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Developed world should do more to bring Earth's temperature down

By Xin Ping | chinadaily.com.cn | Updated: 2023-08-01 10:19

Luo Jie/China Daily

We are witnessing history again. This July might be the hottest single month on Earth on record and possibly in more than 100,000 years. "We are hurtling towards disaster; it is time to wake up and step up", the United Nations chief António Guterres said, calling for immediate global action to avert climate "catastrophe".

Global warming is now an indisputable fact. Human beings have lived on the planet for a long time, yet the climate problem seems to have taken a sharp turn for the worse just in the centuries closest to our day. However, the long-standing failure of developed countries to shoulder their responsibilities and the delay in fulfilling their commitments have led to the slow progress of the current climate agenda, raising growing concerns in the international community.

Developed countries bear historical, legal, and moral responsibility for climate change, while developing countries are the greatest victims. As Brazilian President Lula said at "Power Our Planet", "who polluted the planet in these last 200 years were those who made the industrial revolution". According to the Center for Global Development, the historical concentration of industry and wealth in developed countries means that they are responsible for 79 percent of the emissions from 1850 to 2011. The United Nations Framework Convention on Climate Change clearly stipulates that, as developed countries are the source of most past and current greenhouse gas emissions, industrialized countries are expected to do the most to cut emissions on home ground. Meanwhile, developed countries should agree under the Convention to support climate change activities in developing countries by providing financial support.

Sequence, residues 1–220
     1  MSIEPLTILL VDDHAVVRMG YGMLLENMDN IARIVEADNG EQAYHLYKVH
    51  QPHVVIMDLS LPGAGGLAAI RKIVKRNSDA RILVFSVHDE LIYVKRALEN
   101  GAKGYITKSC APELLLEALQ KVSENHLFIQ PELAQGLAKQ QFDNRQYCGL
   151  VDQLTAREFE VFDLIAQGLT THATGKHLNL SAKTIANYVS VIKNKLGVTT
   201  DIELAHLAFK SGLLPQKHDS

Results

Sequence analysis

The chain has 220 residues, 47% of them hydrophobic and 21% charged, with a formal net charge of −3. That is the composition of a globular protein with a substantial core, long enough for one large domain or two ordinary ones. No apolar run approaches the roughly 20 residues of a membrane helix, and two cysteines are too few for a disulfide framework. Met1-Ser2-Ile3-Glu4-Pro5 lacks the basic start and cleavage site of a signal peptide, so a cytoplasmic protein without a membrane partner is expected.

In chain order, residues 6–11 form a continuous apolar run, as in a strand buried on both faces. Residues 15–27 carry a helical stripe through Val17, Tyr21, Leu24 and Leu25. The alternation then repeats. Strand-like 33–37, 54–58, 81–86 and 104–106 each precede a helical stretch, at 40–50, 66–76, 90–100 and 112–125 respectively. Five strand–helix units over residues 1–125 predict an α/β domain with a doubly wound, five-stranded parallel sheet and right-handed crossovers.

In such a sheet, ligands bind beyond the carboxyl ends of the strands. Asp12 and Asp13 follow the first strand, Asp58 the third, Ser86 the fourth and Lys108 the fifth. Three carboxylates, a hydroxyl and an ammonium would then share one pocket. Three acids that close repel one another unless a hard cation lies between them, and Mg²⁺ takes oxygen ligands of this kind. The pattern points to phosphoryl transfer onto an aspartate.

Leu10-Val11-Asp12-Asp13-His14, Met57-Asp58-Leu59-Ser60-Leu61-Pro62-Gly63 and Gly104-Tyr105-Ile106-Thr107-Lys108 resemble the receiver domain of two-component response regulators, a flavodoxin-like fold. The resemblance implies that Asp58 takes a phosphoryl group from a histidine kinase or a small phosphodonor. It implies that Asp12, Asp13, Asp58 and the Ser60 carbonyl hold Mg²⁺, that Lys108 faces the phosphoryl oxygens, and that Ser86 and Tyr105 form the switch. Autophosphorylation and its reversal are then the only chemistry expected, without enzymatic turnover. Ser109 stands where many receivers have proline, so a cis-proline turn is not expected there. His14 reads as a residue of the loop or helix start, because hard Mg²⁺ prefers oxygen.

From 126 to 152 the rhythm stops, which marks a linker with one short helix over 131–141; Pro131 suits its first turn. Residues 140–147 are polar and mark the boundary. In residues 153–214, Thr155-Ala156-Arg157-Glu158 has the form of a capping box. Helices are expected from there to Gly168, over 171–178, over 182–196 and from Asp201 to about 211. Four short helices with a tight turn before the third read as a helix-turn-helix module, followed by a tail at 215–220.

However, developed countries just keep chanting slogans while trying to shift responsibilities and obligations to developing countries. It runs counter to the principle of common but differentiated responsibilities, which is explicitly stated in the United Nations Framework Convention on Climate Change and the Paris Agreement. Recent research led by the University of Leeds shows that almost 90 percent of excess carbon emissions come from developed countries such as the United States, who could be liable to pay $170 trillion in climate reparations to low-emitting countries to ensure targets to curtail climate breakdown are met.

Climate change is a global challenge that calls for a global response. In recent years, there has been a regression in the climate policies of some developed countries, and fossil energy consumption and carbon emissions have increased rather than decreased, affecting the global climate governance process.

The United States, frequently criticizing others for not being "transparent" or "accountable", lacks a coherent, consistent, or accountable policy to address climate change. Unwilling to ratify the Kyoto Protocol and the Convention on Biological Diversity, withdrawing from the Paris Agreement for a time, and blocking consensus on climate issues at the G20 ... the United States has become a spoiler in global climate governance. Furthermore, the United States plans to invest hundreds of billions of dollars to revitalize the manufacturing sector through unfair bills and administrative initiatives under the pretext of promoting the domestic energy transition. Meanwhile, it has erected various trade barriers against green industries in other countries, cutting off developing countries' access to green technologies.

Such acts have overtly violated WTO rules and disrupted the global green industrial chain and supply chain. They have also undermined the efforts of countries to achieve the sustainable development goals and created setbacks for the process of international cooperation on important environmental protection issues, such as climate change and biodiversity conservation.

Warm and cold we share together; combating climate change is a common cause for mankind. Instead of using the issue of climate change as a political bargaining chip and dealing with it in a selective manner, developed countries should face up to their historical responsibilities and fulfill commitments as soon as possible. While climate change cooperation is tough, it is the common but differentiated responsibilities of mankind that are the cornerstone of global climate change governance. In the face of the truly global problem of climate change, countries have no choice but to cooperate.

The author is a commentator on internationals affairs, writing regularly for Xinhua News, Global Times, China Daily, CGTN etc. He can be reached at xinping604@gmail.com. The views don't necessarily reflect those of China Daily.

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